IMAGE BY COATING
A METHOD OF REPRODUCING IMAGES USING A SEMI-TRANSPARENT GLAZE OF VARIABLE THICKNESS
A semi-transparent coat can modulate the color of a base layer. By controlling the thickness of the glaze coating, specific colors can be achieved.
This method bypasses traditional printing processes, using instead additive or subtractive manufacturing with materials like plastic, or metal as the base and glass, resin, or water as the coating. In addition, images can be applied to three dimensional surfaces.
Attenuation of light through a transparent material exponentially decays, following a curve specific to that material. To accurately reproduce the source image, gray scale values must be correctly translated into a depth.
The calculated depths needed to achieve the desired intensity values describe a surface that is the interface between the base and the coating.
Liquid can be used as the glaze coating, dramatically transforming a static relief into a grayscale image.
IN 3D PRINTING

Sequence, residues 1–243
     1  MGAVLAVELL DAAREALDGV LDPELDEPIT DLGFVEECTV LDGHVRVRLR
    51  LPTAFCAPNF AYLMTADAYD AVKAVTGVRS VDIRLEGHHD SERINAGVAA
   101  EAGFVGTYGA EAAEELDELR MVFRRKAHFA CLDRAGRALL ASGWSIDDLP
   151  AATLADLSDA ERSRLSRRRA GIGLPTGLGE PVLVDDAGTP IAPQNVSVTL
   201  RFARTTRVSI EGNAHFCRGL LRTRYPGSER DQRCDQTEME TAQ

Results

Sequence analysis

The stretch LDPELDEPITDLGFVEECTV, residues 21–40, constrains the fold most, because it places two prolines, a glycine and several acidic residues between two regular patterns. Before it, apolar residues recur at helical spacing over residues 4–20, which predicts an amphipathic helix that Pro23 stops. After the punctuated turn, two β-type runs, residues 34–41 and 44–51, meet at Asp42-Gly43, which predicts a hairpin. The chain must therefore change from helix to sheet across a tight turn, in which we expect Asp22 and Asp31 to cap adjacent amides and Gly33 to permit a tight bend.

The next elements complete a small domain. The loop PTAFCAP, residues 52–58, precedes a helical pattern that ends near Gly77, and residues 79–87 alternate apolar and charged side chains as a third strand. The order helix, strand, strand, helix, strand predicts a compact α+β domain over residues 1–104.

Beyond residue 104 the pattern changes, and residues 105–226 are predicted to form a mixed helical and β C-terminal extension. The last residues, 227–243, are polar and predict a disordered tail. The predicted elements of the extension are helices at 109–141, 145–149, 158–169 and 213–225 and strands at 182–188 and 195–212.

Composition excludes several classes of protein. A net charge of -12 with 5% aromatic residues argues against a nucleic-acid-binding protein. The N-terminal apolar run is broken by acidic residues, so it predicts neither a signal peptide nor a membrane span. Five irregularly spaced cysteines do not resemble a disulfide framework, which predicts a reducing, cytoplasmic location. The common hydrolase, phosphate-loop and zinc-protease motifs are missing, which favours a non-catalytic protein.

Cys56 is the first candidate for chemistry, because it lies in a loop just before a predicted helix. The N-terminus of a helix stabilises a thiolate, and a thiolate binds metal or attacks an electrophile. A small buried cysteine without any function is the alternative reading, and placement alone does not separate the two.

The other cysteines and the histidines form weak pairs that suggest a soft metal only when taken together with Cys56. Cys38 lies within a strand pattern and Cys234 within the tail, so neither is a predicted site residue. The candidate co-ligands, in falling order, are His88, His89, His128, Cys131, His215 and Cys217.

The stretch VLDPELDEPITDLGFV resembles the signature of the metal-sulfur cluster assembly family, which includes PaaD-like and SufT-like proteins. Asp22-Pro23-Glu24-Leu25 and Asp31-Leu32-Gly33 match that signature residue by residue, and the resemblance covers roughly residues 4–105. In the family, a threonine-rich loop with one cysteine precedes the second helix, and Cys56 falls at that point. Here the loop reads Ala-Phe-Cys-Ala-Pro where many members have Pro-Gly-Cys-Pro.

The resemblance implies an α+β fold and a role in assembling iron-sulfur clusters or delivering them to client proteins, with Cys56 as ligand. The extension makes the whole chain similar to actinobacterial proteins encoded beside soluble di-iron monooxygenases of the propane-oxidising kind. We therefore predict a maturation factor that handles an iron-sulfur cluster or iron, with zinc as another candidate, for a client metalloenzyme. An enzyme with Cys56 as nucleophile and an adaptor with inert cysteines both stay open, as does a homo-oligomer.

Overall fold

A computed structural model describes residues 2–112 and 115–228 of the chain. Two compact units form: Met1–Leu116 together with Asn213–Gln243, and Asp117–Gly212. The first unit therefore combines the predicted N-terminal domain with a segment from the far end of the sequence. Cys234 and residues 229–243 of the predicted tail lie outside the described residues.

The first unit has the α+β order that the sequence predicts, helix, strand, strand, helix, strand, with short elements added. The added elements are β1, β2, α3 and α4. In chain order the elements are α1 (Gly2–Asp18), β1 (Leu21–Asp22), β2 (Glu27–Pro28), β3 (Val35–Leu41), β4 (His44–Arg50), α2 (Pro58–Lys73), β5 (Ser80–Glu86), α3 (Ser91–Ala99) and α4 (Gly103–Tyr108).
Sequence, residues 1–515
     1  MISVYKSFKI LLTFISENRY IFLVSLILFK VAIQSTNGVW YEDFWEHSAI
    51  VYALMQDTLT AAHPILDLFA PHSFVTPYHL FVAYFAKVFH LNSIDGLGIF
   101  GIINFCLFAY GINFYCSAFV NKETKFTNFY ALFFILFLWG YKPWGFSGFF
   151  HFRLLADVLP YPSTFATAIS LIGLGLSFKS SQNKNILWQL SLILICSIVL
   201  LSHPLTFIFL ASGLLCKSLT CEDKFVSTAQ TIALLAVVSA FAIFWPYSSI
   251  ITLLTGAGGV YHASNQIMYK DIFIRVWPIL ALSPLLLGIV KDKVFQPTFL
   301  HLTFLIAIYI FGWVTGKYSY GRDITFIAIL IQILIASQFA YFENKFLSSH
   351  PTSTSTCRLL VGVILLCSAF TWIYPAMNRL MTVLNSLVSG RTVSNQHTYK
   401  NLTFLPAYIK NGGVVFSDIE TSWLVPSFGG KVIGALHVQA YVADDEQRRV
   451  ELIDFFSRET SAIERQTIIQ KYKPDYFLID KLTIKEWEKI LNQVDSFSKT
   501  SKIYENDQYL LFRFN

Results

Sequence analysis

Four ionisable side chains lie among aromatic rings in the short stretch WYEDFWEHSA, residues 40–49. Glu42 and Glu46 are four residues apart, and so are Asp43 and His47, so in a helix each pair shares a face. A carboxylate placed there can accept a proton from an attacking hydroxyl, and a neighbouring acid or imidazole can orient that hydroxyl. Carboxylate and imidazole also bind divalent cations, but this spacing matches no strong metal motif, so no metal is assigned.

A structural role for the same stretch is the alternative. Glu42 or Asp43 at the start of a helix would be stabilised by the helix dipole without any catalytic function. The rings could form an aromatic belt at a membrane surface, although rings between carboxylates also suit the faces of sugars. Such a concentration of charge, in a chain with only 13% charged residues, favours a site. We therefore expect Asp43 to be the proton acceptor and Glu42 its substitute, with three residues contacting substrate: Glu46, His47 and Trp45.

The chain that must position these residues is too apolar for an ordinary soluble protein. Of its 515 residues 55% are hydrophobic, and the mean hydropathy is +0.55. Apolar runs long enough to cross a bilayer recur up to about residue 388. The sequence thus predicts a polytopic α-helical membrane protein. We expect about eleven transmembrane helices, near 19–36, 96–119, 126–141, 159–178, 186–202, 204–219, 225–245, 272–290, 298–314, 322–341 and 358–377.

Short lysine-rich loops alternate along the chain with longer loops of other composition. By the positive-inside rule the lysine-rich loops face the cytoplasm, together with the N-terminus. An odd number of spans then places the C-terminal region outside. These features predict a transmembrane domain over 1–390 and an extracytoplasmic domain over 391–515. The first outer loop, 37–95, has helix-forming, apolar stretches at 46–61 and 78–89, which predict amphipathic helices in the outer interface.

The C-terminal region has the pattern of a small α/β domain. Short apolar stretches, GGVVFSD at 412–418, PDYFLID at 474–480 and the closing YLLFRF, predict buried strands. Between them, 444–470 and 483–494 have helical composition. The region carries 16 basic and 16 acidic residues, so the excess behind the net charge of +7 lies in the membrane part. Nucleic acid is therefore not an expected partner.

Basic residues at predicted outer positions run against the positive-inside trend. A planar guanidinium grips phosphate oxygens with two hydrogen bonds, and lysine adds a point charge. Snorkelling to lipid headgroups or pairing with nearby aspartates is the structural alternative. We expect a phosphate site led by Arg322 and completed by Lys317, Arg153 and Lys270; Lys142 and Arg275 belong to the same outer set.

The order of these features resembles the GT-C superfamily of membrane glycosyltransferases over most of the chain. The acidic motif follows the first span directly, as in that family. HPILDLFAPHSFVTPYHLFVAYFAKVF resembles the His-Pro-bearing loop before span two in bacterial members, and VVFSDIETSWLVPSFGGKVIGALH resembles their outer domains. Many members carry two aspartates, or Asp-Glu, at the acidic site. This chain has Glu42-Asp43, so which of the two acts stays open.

With a two material Objet printer, monochromatic images can either be created by printing a coating of VeroWhite over either VeroBlack or TangoBlack, or vice versa. VeroWhite over black creates a bluish tint. A black material on top makes a warmer toned image. The base and coating meshes are printed using the standard software.
Gradient resolution is limited by voxel size. Because attenuation is nonlinear, the step between no coating and a one voxel coating is much more pronounced than the step between coatings 30 and 31 voxels thick. With a black material on top, steps between lighter shades are distinct (notice the sky in the ocean image).
Textures can be applied to three dimensional shapes in a similar manner. The interface between the coating and the base surface is found by displacing the surface of the source model by z values calculated from the texture map.
The full color spectrum can be reproduced using layers of cyan, magenta, and yellow. Because each layer is full transparent to the others, the layer order doesn't matter and the image can be viewed from either side. Backing the CMY layers with white will create an opaque image, with stronger colors.
The pieces shown are made in layers of resin dyed. Each layer was poured, allowed to cure, and then machined away to the required thickness.